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Data Deficiencies Are Costing You Millions

Part 1: Unrecognized Costs in Computer Assisted Surgery – The Learning Curve.

This is the first in a series highlighting how gaps in data collection, data analysis or cost accounting leads to unrecognized financial losses in laparoscopy and computer assisted surgery.  This series draws upon CAVA Robotics extensive experience in assisting hospitals with their operating room clinical and financial data analysis and the lessons learned.  Today’s discussion focuses upon unrecognized costs in computer assisted surgery that are either difficult to assess, impossible to ascertain or frequently neglected.  For these reasons, they often are not considered in the “cost” of running a robotic program.

The first and most costly is the cost of a robotic learning curve.  Almost all surgeons are extremely efficient in their laparoscopic or open surgery already.  In making the transition to robotics, a unique “learning curve” is associated with every specialty and with every operation and is well defined.  During this learning curve, excessive time in the operating room, consumption of supplies, medical malpractice exposure and risk to the patient usually exist.  It is imperative that a robotic program establish expectations regarding the progression of a “novice” robotic surgeon through this learning curve as well and empower the surgeon with the resources necessary to conquer this learning curve in the expected time/case frame.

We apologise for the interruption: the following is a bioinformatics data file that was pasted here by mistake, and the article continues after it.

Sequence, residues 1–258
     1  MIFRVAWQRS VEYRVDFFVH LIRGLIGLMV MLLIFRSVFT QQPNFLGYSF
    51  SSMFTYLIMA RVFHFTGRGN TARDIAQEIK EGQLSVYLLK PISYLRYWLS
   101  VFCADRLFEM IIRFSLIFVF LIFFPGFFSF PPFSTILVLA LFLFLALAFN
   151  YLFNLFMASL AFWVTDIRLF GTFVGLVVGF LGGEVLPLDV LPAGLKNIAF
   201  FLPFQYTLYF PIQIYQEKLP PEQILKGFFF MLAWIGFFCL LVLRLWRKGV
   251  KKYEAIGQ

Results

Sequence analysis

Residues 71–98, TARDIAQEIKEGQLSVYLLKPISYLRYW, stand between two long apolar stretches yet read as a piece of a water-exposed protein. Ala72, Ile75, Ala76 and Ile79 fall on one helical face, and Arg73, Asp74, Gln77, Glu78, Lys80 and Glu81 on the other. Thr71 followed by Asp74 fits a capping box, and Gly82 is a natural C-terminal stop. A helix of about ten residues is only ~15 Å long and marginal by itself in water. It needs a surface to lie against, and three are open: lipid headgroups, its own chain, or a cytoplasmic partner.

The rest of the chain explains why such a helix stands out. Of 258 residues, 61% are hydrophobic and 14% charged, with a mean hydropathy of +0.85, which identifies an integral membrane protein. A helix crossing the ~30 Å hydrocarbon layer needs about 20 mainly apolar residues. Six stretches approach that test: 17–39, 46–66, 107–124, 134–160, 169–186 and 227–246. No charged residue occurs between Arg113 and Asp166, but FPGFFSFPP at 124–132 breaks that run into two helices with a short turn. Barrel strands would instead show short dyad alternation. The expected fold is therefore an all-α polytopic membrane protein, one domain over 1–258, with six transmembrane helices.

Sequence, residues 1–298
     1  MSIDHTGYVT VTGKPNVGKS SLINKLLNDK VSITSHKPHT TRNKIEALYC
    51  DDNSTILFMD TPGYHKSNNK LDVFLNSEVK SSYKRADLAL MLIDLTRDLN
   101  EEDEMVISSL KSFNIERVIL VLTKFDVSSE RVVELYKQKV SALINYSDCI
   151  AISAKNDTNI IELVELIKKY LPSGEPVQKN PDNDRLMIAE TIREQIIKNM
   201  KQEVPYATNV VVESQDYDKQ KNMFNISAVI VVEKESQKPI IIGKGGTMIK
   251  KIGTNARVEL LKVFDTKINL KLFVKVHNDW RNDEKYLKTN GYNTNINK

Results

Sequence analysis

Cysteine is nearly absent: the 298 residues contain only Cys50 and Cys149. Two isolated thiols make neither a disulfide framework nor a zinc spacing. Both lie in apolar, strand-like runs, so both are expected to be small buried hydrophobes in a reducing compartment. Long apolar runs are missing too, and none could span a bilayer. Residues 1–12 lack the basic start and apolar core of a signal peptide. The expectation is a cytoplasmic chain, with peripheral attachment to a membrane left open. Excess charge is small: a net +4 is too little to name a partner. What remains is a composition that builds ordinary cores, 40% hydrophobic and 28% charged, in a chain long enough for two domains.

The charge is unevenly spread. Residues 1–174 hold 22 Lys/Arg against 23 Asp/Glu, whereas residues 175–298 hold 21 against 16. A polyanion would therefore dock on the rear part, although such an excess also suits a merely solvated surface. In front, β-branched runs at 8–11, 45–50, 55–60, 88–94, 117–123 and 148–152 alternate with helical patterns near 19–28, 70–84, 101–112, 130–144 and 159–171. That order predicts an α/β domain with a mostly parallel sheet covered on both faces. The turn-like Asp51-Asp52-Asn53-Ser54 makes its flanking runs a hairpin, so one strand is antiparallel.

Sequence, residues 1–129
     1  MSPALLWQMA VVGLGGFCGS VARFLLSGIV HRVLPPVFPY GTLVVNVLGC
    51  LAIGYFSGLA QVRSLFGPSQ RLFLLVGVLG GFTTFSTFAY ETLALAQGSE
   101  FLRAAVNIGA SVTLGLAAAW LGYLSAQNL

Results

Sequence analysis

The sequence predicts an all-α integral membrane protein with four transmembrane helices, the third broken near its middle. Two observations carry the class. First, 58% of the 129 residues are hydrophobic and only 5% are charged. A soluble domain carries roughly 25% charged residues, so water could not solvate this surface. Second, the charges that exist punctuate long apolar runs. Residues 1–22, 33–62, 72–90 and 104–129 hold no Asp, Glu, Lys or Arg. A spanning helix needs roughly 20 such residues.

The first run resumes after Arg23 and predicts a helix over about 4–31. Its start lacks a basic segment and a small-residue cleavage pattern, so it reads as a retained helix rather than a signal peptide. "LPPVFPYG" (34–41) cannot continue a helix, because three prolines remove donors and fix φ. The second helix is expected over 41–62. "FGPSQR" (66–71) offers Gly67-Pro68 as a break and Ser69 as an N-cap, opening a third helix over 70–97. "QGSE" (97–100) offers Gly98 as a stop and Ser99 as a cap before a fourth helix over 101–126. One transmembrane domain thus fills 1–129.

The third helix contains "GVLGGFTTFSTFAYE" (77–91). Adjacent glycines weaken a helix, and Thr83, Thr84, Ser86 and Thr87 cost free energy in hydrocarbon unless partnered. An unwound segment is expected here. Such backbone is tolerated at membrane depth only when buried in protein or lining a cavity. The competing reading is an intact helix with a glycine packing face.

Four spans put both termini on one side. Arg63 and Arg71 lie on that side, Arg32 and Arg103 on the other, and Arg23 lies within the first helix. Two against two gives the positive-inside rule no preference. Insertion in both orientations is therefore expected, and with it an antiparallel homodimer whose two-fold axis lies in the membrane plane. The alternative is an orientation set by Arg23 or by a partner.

To give a more concrete example that we frequently see in the healthcare environment, let’s take an example of inguinal hernia repair.  Hospital X does laparoscopic bilateral inguinal hernia repair with a net margin of +$700/case and completes the operation in about 45 minutes.   When it started doing the case robotically, that same margin was expectantly negative.  After 100 cases however, that margin is still -$1200/case!  Factors which contribute to the negative margin include excessive robotic reposable use ($200/case), excessive operative time (60 min/case longer) and excessive supply usage ($600/case).  This example shows how the “urban legend” of robotics that it “costs too much” is perpetuated but is an all to common phenomenon in many robotic programs.

CAVA’s advice:  avoid this happening in your computer assisted surgical operating room by making sure that you define your learning curve, empower your surgeons with the knowledge and resources needed to progress through the learning curve then monitor your computer assisted surgical performance to make sure that excellent clinical and financial outcomes are maintained.

Next:  Part 2: Unrecognized costs in computer assisted surgery – equipment malfunction and repair.

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